Anticipating sea level rise response in Puget Sound


Petersen, A.  2007. Anticipating sea level rise response in Puget Sound. M.M.A. thesis, School of Marine Affairs, University of Washington, Seattle.


When faced with the issues of climate change and sea level rise, decision-makers are unable to wait for scientific uncertainties to be resolved before taking action. Sea level rise predictions are complicated by the complex non-linear nature of the climate system and long-term dependence on human choices. This study analyzes the regulatory and institutional structure surrounding coastal zone management in Puget Sound, Washington, in order to identify barriers to and opportunities for sea level rise response.

Viewing the problem from a resilience perspective proves valuable as it builds off the social-ecological system concept, embraces change, and attempts to find ways to co-exist with uncertainty. The selection of non-catastrophic sea level rise scenarios and the creation of a variety of high-resolution, location specific, inundation maps are used to identify areas of vulnerability.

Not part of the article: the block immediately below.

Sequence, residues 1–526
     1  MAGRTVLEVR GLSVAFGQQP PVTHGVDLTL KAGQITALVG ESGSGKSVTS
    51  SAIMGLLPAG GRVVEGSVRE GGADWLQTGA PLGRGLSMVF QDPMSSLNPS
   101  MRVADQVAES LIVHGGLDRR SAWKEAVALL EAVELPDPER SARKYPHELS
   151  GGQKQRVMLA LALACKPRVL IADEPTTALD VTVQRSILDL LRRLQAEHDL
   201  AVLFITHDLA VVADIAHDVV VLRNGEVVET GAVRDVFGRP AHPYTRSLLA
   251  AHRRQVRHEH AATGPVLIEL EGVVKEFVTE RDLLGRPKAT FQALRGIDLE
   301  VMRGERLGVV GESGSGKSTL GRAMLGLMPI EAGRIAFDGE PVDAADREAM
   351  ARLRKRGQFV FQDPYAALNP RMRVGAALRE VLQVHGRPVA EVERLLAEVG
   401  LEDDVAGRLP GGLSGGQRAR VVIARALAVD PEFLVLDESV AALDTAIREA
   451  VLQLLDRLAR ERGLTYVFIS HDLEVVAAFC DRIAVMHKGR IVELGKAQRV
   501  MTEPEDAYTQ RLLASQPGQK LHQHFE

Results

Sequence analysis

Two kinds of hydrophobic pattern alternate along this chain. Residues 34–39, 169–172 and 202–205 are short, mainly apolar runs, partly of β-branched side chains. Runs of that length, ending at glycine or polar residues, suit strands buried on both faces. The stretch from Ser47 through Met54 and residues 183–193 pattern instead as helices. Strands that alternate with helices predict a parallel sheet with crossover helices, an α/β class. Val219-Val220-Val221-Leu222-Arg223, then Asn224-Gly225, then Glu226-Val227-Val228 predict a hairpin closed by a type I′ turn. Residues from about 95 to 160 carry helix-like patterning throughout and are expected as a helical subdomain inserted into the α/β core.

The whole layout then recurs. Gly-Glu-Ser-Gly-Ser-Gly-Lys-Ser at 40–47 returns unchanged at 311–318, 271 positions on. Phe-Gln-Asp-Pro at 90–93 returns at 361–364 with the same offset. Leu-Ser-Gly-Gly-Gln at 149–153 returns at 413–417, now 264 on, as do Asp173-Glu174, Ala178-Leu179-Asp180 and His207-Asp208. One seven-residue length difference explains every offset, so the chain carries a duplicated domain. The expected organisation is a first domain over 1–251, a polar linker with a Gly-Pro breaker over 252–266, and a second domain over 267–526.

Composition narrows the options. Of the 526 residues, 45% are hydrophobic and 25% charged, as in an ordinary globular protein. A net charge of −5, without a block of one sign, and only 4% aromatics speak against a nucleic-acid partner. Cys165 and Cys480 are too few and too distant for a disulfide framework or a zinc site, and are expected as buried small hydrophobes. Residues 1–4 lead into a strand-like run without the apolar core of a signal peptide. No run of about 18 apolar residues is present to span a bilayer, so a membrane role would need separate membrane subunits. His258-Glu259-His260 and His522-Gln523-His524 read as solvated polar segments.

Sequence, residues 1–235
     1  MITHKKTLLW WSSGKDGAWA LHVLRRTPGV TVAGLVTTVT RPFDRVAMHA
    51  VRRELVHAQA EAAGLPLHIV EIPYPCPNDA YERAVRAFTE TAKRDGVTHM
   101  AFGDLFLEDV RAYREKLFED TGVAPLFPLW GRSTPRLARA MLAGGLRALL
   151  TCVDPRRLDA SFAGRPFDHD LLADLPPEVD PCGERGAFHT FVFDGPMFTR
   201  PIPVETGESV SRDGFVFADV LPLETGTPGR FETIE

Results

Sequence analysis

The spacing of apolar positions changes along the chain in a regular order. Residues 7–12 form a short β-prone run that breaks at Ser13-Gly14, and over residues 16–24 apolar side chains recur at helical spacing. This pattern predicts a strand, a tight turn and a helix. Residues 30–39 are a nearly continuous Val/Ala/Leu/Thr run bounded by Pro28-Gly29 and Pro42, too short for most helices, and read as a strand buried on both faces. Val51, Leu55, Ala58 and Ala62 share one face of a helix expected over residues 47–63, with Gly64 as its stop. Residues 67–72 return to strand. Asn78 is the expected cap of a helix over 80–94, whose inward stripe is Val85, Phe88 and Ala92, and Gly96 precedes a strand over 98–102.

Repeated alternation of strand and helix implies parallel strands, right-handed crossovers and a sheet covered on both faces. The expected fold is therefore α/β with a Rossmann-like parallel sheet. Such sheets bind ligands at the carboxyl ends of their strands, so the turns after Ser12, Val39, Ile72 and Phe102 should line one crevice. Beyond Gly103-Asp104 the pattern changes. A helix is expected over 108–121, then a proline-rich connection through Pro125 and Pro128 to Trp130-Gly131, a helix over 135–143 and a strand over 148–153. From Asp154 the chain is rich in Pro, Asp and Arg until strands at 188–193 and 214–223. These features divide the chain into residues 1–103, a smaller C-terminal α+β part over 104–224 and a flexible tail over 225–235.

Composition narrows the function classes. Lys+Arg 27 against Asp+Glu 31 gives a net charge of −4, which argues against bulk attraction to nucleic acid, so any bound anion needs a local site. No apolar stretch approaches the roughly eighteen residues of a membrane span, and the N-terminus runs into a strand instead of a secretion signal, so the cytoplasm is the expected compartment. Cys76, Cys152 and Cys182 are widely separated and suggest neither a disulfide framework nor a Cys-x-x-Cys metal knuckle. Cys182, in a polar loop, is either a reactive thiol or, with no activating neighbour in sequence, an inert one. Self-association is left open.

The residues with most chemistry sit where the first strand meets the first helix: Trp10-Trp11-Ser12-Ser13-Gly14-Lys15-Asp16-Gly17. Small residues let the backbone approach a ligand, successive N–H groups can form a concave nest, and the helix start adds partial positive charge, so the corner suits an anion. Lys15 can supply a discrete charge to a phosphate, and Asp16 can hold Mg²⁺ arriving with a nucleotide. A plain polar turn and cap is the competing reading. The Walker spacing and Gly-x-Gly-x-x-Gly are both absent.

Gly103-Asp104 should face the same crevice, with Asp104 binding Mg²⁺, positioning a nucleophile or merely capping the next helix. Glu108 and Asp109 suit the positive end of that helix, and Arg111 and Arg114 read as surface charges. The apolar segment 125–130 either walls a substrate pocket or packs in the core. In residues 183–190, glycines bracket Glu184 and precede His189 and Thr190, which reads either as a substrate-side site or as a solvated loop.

Focusing on local government, four potential sea level rise response options are identified along with associated barriers. 1) Increase the update frequency for floodplain maps to more accurate reflect environmental changes. 2) Include consideration of a dynamic shoreline when making shoreline armoring, cumulative impacts, and no net loss of ecological function determinations. 3) Use shoreline designations in the Shoreline Management Act to tailor responses to the coastal environment. 4) Leverage the Federal Consistency and funding provisions of the Coastal Zone Management Act to enhance response options.

The long-term nature of the sea level rise issue provides response opportunities not available in other arenas. By using the tools currently available, local decision-makers can limit the response costs and create a more robust policy framework capable of incorporating uncertainty and adapting to sea level rise.